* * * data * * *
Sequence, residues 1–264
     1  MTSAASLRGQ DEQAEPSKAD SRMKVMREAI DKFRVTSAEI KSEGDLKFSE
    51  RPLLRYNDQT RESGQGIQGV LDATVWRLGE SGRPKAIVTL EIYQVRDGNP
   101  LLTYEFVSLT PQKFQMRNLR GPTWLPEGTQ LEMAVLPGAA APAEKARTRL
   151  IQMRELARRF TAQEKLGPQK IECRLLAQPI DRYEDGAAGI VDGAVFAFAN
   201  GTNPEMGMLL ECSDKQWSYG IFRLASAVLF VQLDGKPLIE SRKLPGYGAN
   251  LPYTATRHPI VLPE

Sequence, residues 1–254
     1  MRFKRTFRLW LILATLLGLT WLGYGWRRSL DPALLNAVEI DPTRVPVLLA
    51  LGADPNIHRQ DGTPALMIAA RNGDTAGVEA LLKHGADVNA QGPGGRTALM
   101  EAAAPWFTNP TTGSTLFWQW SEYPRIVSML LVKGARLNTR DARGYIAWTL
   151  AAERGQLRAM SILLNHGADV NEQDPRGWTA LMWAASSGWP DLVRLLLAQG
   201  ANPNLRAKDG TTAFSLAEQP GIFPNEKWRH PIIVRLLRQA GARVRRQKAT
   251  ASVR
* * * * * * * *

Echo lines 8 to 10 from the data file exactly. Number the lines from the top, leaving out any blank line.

Sequence, residues 1–254
     1  MRFKRTFRLW LILATLLGLT WLGYGWRRSL DPALLNAVEI DPTRVPVLLA
    51  LGADPNIHRQ DGTPALMIAA RNGDTAGVEA LLKHGADVNA QGPGGRTALM